A common problem when using images for forestry operations is having up-to-date images of your areas of interest at an acceptable cost. Usually, the entire ownership is flown only every 3–5 years to reduce costs, so that by the end of the cycle you are using images that are out of date. By using ArcGIS, it is possible to define only those areas that have changed and therefore need new images. ArcGIS tools can also manage a cyclical coverage of parts of the entire ownership in order to level yearly budgets, instead of incurring a very large cost every few years. These two concepts can be combined to create an efficient and cost-effective method of maintaining your aerial imagery. You will have recent images of all changed areas, and the entire ownership will be covered by images no older than a predetermined number of years. ArcGIS enables this improved approach, as it would be too complex to manually define the required areas to image, describe these areas to a provider, and then manage the delivered images. This presentation will describe how to use ArcGIS tools to create the section layers and associated data (such as stand-planting year and year of most-recent imaging) to implement efficient image management. It will also show how to use ArcGIS to create the shape file of the sections that need to be flown for a particular year or other imaging period. These shape files can then be sent to a vendor to acquire images within the time window you specify. A real-world example of how this has been successfully implemented over a multi-year period will also be presented. Using ArcGIS tools to manage image acquisition provides many advantages. It allows you keep your aerial imagery and associated GIS layers current at a reduced cost, and smooth your yearly image acquisition budgets. And you have surgical control over where and when you get images of each section while ensuring that no section is older than the maximum number of years you specify.

Automated Plat Creation at Weyerhaeuser
Corrin Crawford, Director of IT & Land Records, Weyerhaeuser
Automating the plat and ownership creation process at Weyerhaeuser for a multi-state area has resulted in an enormous ROI benefit of substantially reduced labor costs over manually created and maintained plat maps. Five fewer staff members are now required to maintain the organization's data. The cost of maintaining legal ownership information becomes much more manageable in a digital environment when ownership changes can be automatically mapped, annotated, tracked and documented in an organized manner. In addition, properly structured topological data prevents gaps and overlaps in the GIS data which can be problematic when calculating acreages or producing maps. The goal was to have a system capable of generating plat maps quickly and easily, that would replace the old manual system, and would be easy to update. This goal has been achieved over a project life span of several years and is expandable to cover new areas of interest.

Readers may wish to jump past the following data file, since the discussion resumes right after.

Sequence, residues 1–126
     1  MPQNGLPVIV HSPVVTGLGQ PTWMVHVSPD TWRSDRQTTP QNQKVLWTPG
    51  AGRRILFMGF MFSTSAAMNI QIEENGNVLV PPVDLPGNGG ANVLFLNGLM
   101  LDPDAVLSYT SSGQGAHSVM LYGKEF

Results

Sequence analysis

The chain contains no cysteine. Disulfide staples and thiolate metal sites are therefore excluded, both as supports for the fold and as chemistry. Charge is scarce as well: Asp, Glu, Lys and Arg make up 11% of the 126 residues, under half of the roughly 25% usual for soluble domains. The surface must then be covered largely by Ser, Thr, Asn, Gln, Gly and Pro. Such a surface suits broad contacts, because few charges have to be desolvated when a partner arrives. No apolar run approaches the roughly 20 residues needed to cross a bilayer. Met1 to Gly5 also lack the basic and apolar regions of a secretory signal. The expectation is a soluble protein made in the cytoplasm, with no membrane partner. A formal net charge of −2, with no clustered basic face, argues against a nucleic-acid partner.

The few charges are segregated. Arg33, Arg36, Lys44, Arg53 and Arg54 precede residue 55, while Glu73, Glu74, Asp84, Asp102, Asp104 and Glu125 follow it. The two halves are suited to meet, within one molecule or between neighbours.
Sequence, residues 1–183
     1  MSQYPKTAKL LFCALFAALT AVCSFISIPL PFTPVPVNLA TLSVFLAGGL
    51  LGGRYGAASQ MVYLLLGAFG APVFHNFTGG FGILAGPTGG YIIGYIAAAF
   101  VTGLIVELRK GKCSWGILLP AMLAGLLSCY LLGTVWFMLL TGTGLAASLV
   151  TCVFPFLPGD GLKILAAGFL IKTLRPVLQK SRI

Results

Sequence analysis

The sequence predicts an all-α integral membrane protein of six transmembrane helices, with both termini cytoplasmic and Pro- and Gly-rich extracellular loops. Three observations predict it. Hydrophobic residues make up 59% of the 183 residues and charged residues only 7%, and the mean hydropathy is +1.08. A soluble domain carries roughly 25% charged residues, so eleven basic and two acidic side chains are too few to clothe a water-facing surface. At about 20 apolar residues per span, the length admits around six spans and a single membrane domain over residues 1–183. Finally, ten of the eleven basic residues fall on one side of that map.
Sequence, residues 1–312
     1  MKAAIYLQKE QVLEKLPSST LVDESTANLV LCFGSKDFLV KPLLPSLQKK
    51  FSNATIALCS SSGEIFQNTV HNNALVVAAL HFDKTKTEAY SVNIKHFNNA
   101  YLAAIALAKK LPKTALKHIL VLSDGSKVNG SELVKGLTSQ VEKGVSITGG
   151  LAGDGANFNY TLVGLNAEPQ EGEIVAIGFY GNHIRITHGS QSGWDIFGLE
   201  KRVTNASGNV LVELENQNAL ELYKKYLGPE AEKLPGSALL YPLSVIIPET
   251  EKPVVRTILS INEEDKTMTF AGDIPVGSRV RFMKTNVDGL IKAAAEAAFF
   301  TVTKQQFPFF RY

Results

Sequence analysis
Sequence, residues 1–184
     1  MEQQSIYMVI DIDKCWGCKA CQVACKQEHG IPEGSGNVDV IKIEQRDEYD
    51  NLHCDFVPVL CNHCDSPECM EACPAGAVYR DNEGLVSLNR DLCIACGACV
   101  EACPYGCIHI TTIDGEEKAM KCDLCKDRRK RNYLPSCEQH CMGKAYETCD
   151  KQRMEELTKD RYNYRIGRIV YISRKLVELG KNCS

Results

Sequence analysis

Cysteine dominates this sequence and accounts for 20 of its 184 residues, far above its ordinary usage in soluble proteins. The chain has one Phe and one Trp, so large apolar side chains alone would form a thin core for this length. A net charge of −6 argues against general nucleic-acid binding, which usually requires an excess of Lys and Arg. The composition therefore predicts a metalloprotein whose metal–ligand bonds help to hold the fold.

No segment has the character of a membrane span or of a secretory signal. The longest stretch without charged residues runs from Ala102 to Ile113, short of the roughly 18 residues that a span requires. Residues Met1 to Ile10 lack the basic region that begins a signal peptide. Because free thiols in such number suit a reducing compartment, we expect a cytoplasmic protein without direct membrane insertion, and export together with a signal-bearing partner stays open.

Room B
12:30 p.m. – 2:00 p.m. Hosted Lunch Esri Café
8:30 a.m. – 5:00 p.m.
Technical Support Desk

The Technical Support Island is staffed with experts where you can talk one-to-one with Esri staff. They can answer your questions, collect your feedback, help you navigate your challenges, and share best practices with you. In addition, you can see live demos of user community resources, such as the ArcGIS Ideas website, the GIS wiki etc.

Make an appointment or walk in anytime during the conference.

Atrium
2:00 p.m. – 4:00 p.m.
Lidar for Forest Management

Moderator: Moderator: Ron Behrendt, Managing Member, Behron

Introduction to Lidar and Forestry
Ron Behrendt, Managing Member, Behron
This session will provide a “lidar 101” introduction to the technology including fundamentals of how the sensors operate, data characteristics, the creation of derivative information products from lidar point clouds, and examples of possible forestry applications.

Ron Behrendt is the principal and current managing director of the consulting firm Behron LLC. Over the past eight years, Ron has focused on applying lidar technology to numerous applications such as the management of electric transmission lines and assisting with forest production and conservation activities. Ron is currently assisting Esri identify opportunities to utilize the capabilities of ArcGIS to obtain the maximum value from the information available within lidar data.